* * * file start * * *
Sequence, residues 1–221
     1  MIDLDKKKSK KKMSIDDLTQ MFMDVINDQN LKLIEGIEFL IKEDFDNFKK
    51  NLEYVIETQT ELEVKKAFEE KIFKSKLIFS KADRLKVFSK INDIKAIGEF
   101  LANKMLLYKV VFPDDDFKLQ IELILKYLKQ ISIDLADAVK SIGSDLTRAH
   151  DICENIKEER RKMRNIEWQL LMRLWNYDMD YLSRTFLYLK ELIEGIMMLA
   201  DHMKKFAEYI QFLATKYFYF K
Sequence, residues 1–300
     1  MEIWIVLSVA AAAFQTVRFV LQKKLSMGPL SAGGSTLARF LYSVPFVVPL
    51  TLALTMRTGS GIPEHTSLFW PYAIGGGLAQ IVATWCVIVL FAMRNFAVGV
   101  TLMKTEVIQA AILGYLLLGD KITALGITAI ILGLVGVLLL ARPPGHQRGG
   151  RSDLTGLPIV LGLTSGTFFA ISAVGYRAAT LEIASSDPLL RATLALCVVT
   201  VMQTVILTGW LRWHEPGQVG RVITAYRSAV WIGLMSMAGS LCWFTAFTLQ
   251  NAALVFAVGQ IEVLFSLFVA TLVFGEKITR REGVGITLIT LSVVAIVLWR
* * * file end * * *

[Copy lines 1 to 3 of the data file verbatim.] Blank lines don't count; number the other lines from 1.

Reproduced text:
Sequence, residues 1–221
     1  MIDLDKKKSK KKMSIDDLTQ MFMDVINDQN LKLIEGIEFL IKEDFDNFKK
    51  NLEYVIETQT ELEVKKAFEE KIFKSKLIFS KADRLKVFSK INDIKAIGEF